Preview
0
12

Warfarin withdrawal in atrial fibrillation patients awaiting surgery dramatically ups stroke risk

We report from the 67th Annual Meeting of the American Academy of Neurology, where researchers have examined the risk of ischemic stroke among atrial fibrillation patients.  
medicalnewstoday.com
over 4 years ago
Preview
0
7

Patients taking warfarin should be able to self-monitor says NICE in new guidance

The National Institute for Health and Clinical Excellence (NICE) has published its diagnostics guidance on self-monitoring...  
medicalnewstoday.com
over 4 years ago
Preview
0
18

With Poor NOAC Adherence, Monitoring Seen as Partial Solution

Patients on new oral anticoagulants, as those on warfarin, need systems in place to ensure adherence, say researchers, who add that patient education and coagulation monitoring would be crucial.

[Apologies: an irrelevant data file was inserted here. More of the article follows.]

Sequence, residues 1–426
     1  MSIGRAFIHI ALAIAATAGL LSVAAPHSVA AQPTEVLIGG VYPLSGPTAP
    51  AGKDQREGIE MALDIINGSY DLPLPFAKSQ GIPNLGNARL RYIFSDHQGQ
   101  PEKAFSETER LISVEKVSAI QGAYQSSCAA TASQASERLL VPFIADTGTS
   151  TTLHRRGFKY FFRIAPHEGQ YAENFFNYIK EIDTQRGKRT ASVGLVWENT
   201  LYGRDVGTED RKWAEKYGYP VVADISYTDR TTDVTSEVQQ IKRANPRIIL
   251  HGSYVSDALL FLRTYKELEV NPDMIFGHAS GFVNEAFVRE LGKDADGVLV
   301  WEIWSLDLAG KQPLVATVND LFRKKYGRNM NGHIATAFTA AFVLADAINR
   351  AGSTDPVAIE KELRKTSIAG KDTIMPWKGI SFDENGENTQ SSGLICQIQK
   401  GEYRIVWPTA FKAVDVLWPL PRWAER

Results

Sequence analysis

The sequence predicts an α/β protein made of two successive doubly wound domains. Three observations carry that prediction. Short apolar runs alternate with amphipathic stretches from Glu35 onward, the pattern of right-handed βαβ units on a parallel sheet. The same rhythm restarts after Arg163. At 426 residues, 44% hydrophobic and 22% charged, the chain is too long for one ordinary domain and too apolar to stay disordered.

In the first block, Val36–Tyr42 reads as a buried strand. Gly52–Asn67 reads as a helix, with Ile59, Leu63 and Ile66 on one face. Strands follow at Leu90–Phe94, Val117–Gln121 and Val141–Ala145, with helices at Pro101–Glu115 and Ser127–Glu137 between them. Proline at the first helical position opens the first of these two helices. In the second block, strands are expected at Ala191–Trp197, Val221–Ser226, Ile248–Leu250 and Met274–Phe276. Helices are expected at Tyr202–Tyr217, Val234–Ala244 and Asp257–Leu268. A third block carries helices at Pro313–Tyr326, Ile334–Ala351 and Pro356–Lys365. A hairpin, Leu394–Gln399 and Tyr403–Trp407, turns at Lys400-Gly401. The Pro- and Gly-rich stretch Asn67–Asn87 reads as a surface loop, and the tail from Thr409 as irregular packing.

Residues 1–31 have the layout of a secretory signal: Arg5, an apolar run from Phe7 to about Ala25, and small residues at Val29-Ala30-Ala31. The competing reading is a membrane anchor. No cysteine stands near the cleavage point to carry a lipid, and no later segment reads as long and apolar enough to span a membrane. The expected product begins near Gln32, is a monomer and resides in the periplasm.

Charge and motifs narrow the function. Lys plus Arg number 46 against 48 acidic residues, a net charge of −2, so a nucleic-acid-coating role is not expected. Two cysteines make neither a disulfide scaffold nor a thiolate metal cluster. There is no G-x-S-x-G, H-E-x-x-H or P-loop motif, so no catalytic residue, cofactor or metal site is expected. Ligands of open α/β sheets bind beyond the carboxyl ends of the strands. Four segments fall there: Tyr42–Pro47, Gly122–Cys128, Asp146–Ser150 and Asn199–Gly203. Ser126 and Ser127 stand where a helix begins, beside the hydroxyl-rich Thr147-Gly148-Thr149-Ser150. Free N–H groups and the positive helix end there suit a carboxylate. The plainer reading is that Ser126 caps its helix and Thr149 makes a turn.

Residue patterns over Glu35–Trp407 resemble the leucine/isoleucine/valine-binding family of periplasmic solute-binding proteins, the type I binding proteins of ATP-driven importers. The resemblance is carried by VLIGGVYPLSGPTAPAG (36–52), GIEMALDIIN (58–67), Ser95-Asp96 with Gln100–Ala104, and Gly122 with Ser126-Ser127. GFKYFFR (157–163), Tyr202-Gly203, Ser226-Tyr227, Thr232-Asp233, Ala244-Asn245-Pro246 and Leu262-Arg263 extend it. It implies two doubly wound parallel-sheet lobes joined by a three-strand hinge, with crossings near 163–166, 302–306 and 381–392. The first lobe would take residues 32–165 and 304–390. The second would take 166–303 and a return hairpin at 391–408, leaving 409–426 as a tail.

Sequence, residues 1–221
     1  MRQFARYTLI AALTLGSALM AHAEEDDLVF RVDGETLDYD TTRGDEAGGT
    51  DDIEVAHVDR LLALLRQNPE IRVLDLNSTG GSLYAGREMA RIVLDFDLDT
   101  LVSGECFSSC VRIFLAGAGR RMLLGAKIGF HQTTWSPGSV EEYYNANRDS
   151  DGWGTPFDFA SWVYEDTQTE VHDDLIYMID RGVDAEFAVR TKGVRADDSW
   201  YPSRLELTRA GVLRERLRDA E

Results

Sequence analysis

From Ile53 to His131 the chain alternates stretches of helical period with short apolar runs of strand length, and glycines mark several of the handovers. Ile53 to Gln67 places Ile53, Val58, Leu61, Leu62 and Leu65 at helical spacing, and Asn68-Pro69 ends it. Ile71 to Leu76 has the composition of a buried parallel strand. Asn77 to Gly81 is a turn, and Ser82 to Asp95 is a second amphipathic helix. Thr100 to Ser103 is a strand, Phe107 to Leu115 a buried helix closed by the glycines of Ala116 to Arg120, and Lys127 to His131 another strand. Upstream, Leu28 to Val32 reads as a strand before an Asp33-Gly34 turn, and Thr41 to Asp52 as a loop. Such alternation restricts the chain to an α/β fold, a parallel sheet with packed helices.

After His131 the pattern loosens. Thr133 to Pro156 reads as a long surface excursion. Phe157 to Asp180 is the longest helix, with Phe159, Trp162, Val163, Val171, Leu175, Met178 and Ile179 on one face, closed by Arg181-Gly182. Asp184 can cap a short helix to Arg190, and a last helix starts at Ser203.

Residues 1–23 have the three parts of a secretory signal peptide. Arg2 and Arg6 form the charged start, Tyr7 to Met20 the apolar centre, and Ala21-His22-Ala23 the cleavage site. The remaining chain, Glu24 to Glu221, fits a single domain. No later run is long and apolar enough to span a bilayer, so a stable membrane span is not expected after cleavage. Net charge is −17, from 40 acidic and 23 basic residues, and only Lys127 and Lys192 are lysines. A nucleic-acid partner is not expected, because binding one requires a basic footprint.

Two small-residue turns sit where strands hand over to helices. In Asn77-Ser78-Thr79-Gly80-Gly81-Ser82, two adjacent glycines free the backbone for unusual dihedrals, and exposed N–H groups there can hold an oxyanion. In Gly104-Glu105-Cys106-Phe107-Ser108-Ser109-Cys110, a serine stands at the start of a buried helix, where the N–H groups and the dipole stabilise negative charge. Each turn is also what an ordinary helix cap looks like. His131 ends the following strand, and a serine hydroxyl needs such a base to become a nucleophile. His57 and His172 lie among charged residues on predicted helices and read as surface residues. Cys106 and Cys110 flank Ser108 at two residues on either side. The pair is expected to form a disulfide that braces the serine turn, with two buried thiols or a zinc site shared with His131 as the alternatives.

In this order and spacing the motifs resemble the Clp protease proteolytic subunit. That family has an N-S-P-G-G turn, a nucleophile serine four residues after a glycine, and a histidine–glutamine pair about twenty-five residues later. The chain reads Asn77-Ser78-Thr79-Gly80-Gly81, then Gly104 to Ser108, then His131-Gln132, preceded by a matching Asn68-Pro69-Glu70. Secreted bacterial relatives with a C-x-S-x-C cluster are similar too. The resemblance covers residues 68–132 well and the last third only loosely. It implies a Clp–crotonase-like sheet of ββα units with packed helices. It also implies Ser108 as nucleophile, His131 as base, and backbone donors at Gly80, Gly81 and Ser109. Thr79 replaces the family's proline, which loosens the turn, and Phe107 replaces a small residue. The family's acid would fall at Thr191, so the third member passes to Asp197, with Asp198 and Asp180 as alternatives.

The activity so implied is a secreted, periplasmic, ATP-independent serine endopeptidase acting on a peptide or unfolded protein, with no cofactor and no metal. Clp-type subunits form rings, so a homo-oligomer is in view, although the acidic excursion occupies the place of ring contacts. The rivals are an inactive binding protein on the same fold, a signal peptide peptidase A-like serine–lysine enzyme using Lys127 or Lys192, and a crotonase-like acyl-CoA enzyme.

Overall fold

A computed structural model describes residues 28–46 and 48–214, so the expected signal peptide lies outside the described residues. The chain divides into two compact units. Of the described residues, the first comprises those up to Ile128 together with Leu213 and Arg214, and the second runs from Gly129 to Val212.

medscape.com
over 4 years ago
Preview
0
53

Anti-coagulant and Anti-platelet Reversal with intracerebral bleed

So you have a patient with intracranial bleeding or you have a high pre-ct suspicion of intracranial bleeding and they are taking coumadin, aspirin, or clopidogrel. Should you reverse them? If so, how?  
emcrit.org
over 4 years ago
Preview
0
11

FDA Approval: On-X Aortic Valves With Less Warfarin

Thousands of Americans with On-X Aortic Heart Valves may be able to reduce their regular blood-thinning medication regimen, thanks to an expanded...  
meddeviceonline.com
over 4 years ago